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This article is part of our blog series that aims to provide insight into how building and lighting design will change in a post-COVID-19 world. In “4 Office and Workplace Trends Post-COVID”, we compile key office trends from leading firms, including Gensler, JLL, and CBRE, that design-build teams will need to be aware of when designing future workspaces.

Only 12% of employees want to continue to work from home; the other 88% want to go back to the office. The workplace still matters in a COVID-19 world, but changes need to be made. New strategies, technologies, and designs have to be adopted if building owners want to safely bring back people into the office. So, what will the future of the workspace look like for employees to return? And how will this affect architects, contractors, and building owners moving forward?

Here are the changes that building owners, tenants, architects, and designers will need to adapt to as we transition into a post-COVID workplace.

De-Densifying the Office

Offices will need to be de-densified to promote a sense of safety and wellness to encourage employees to return to the office . The traditional layout has to be reimagined and it will be up to the design-build team to find a solution. This can include new furniture arrangements or a totally new floor plan, but all designs must revolve around a central idea: opening up the space without physically adding to the square footage. General contractors are seeing newer office floor plans that create fewer linear aisles to reduce overlapping foot traffic and respect social distancing. And within clusters of workstations, stations that provide ease of mobility and flexibility are replacing the traditional square cubicle. Architects are leveraging designs like rotating 90-degree workstations, honeycomb-shaped stations, and pinwheel designs where desks are installed in different directions to distance users without adding to the footprint.

Focus on Employee Wellbeing

In addition to physical wellbeing, the new reimagined workplace has to be designed with employee mental health in mind. Architects looking to design in a COVID-19 world are expected to adopt a sensory-driven approach to design, a design thinking process that focuses on employee psychological safety. Future workspaces are seeing a rise in private areas decorated with calming colors for mental breaks, furniture made with naturally antimicrobial materials, and ceilings equipped with 222nm far-UVlighting  to kill viruses throughout the day. UVC has proven to be an effective disinfectant, and contractors will start to see more installations of Acuity’s new line of 222nm UVC products and UV Angel’s Clean Air Treatment System in their buildings to reduce employee anxieties around virus transmissions.

Not surprisingly, designing for outdoor spaces, like roof decks and terraces, will become a priority for many future office projects. Outdoor spaces allow employees to work with fresh air and enable social distancing, so design teams will need to find ways to seamlessly connect indoor and outdoor areas. Biophilia, an approach that incorporates natural sunlight and plants, and circadian lighting will both be heavily utilized as well to decrease stress, improve mood, and enhance creativity.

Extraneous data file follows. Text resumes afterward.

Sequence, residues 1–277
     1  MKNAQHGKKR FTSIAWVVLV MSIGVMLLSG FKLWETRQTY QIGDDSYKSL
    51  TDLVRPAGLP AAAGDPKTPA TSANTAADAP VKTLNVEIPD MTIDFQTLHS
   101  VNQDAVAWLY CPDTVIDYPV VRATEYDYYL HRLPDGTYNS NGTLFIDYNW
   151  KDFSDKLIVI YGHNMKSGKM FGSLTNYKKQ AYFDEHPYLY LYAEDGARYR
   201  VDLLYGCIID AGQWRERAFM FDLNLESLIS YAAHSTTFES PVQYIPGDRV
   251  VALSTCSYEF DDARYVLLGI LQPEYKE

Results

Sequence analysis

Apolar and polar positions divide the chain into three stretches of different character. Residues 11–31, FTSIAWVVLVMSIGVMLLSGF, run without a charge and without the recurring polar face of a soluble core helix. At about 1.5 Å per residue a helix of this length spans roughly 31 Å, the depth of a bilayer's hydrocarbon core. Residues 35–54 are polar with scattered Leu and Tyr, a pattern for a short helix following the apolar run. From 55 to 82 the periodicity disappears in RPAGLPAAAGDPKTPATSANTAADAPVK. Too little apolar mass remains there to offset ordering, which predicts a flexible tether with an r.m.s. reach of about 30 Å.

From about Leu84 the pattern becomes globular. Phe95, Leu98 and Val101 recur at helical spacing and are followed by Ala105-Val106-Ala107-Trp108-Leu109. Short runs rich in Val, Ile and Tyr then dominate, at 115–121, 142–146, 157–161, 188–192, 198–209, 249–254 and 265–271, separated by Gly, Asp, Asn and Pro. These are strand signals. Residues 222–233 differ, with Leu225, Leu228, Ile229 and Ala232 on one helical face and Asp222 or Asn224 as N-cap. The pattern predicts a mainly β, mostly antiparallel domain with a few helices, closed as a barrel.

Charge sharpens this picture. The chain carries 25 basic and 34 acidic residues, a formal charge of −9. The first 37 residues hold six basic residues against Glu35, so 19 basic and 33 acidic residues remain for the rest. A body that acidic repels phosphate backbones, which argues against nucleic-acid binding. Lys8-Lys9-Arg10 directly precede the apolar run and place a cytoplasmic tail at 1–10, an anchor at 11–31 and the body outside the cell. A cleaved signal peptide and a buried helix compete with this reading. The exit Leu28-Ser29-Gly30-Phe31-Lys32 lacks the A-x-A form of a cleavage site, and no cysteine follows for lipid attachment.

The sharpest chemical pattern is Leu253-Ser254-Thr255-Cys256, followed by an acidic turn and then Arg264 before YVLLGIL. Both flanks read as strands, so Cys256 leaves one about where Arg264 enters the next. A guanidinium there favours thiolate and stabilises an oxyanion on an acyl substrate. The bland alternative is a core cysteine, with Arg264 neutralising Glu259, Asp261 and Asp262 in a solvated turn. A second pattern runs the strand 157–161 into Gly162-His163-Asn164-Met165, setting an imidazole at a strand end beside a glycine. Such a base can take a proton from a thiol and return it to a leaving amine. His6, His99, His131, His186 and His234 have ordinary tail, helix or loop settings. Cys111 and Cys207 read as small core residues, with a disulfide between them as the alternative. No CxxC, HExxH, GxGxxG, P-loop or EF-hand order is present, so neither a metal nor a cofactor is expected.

outdoor space design for workplace

Hybrid Work Office

The hybrid work model is driving the demand for a hybrid work office, a hub where both remote and non-remote employees can work together. With the role of the office changing to be more collaboration- and productivity-focused, the future of the workplace will see rise to a wide range of activity-based spaces. Contractors are already seeing building owners transforming rooms into additional shared collaboration spaces, such as meeting rooms and whiteboarding or brainstorming areas, to empower employees and drive greater productivity. Not only that, these areas are getting retooled for digital collaboration and videoconferencing. This means enhanced lighting and high-quality audio systems to ensure smooth virtual meetings will see a huge jump in the upcoming months.

Tech-Enabled Office

Limiting contact is essential to limiting the risk of transmission in the physical workspace. So, contactless smart technology will be heavily incorporated into the workplace. Instead of touching buttons to open doors, waving a hand will be enough to trigger an automatic door in an office space. Rather than using a shared device to book a meeting, speaking to a virtual assistant will set up future meetings. Soon, employees will have the power to control their workplaces’ lighting, temperature, and AV equipment through a mobile app directly on their phones. 

contactless entry

Bottom Line

Architects and general contractors are already seeing workplaces being renovated to align with pandemic best practices. Mandating masks and adding hand sanitizer stations are no longer enough. The traditional workplace design must be transformed entirely before a safe return to the office can be fully realized. Designers, architects, and contractors will need to collaborate on all stages of a design-build process to create an entirely new strategy – one that caters to both safety protocols and employee wellbeing. In the upcoming months, design-build teams with forward-thinking and innovative solutions that address the complex challenges of COVID-19 will have the opportunity to stand out.